A Saintly Will Smith Contemplates the Ills of the World in Seven Pounds
Will Smith has played an alcoholic superhero, a mystical caddie and a fighter pilot on a mission to save the planet from aliens, but Ben Thomas, the guilt-ridden do-gooder at the heart of Seven Pounds, might just be the most unbelievable role of them all.
When we meet Ben, a few things about him seem immediately clear. He attacks his job as an I.R.S. tax collector with an exuberance that some might consider grounds for harassment. He is rich beyond reason, though the source of his income remains a mystery. (Government work simply doesn’t pay that well, even in the executive office.) And while he spends his days plotting to help the needy – a blind pianist here, an abused wife there – nothing seems to bring a smile to his face. There is pain lingering behind his plaintive brown eyes, and his melancholy monotone suggests a man who has barely survived some unspeakable tragedy.
Ben meets Emily (Rosario Dawson), a wedding-invitation designer with a heart of gold that is quickly corroding thanks to a congenital condition. Her rare blood type makes a transplant unlikely, but Ben is undeterred. He takes to helping her with odd jobs, walking her Great Dane and weeding her garden. A romance seems inevitable, but Ben remains curiously detached, either unwilling to make the first move or unmoved by her obvious affections.
Why? What is Ben’s connection to Emily, or to the soft-spoken pianist (Woody Harrelson) he cruelly berates on the phone? Where does his money come from? Why does he keep his brother (Michael Ealy) and best friend (Barry Pepper, on hand to provide timely histrionics) at arm’s length? Why are they in this movie at all?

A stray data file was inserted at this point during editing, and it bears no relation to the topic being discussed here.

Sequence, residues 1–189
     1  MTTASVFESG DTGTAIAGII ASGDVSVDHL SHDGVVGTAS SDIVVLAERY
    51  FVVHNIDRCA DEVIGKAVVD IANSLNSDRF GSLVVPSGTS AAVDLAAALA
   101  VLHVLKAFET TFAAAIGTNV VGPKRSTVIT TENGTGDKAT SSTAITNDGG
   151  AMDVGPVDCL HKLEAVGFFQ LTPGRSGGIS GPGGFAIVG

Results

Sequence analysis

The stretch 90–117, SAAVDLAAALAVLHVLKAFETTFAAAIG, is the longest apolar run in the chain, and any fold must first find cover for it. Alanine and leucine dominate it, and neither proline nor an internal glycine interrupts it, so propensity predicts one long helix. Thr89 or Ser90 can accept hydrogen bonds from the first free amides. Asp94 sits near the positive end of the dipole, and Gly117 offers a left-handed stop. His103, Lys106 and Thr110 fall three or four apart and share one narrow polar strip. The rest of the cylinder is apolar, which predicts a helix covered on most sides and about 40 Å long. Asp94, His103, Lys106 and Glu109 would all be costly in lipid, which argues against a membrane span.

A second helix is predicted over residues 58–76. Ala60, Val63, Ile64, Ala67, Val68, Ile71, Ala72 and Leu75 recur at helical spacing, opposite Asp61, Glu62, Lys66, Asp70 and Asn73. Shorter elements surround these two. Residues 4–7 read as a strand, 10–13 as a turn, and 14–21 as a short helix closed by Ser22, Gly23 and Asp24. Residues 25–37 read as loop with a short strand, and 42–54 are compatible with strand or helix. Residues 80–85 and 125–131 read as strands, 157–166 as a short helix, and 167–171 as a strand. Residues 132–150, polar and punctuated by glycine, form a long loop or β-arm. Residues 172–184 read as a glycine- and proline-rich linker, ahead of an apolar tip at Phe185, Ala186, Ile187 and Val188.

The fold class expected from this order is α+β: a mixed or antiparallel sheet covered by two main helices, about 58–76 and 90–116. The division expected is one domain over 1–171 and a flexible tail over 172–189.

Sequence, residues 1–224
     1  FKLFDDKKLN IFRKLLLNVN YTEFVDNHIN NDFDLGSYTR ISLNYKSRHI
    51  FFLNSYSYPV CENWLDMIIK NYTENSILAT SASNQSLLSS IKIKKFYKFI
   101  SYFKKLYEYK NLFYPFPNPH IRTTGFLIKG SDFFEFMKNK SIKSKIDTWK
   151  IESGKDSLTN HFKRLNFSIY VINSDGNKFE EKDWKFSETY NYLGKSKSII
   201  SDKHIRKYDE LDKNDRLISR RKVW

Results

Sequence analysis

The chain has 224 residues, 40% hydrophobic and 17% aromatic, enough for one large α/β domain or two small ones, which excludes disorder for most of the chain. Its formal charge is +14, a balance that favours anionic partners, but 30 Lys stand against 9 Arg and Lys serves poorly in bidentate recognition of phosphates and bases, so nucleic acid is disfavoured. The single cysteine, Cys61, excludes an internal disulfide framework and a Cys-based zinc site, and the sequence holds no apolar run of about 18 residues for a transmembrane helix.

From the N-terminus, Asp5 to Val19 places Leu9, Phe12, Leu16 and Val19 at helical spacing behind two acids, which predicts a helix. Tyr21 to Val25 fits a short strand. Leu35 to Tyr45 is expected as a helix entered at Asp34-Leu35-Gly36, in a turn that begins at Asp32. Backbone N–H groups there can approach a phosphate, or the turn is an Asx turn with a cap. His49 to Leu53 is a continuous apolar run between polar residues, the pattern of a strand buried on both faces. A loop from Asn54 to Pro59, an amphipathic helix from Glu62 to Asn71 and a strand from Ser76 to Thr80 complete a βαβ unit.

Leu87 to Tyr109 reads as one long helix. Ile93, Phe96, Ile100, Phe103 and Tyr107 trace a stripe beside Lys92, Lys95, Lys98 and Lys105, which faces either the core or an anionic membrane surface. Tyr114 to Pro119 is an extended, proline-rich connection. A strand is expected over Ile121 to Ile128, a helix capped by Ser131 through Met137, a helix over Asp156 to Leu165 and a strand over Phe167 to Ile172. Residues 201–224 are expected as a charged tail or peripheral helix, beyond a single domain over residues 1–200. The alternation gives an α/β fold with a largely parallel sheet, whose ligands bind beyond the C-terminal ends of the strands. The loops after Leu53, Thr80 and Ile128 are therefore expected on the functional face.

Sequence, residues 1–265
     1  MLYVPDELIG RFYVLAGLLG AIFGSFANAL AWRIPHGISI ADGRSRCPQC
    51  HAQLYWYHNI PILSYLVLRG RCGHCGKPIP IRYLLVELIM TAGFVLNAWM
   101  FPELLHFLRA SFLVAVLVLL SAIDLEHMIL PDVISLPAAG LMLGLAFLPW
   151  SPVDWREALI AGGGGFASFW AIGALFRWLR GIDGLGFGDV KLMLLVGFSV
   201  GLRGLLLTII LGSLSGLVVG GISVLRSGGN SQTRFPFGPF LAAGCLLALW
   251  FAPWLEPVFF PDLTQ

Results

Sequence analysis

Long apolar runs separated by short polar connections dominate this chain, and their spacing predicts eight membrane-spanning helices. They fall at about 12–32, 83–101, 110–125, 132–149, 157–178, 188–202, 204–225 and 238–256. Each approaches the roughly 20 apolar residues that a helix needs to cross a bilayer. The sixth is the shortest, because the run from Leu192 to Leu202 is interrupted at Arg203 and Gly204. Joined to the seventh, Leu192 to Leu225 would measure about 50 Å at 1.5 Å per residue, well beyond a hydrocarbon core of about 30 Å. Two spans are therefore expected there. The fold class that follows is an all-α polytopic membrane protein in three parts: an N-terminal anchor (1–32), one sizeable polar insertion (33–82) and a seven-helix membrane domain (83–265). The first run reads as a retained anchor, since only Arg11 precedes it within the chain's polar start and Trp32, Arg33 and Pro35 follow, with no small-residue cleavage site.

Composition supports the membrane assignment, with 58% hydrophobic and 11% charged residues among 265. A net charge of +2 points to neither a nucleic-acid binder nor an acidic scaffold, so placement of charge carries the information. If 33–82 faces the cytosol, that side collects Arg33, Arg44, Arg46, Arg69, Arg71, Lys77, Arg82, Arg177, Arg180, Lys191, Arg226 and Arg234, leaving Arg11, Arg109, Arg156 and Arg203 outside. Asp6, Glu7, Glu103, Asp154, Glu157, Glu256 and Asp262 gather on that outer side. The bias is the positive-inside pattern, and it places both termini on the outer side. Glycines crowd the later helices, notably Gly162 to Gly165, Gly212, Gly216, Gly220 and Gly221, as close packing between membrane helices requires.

But I digress. Seven Pounds raises so many questions that to list them all would require far more space than I am willing to devote to them. (Even understanding its title demands a small bit of detective work.) Suffice it to say that Ben has his reasons, most of which are hurriedly explained – some satisfactorily, some not – during a whirlwind denouement that tugs at the heartstrings a bit too vigorously. Ben, it turns out, may not be the guardian angel he first appears, but his maudlin odyssey is so far-fetched it just might be otherworldly.
- Life Is a Blood-Soaked Highway in 'Zombieland'
- 2010 Oscar Nominations Announced
- Woody Allen on Hollywood, Penélope Cruz and the Joys of Being a Foreign Filmmaker
- Trick or Treat: 'Saw VI' Revitalizes a Dying Franchise
- Notes from a Darkened Theater: Frameline Winners Announced, Brüno Under Fire, More Moneyball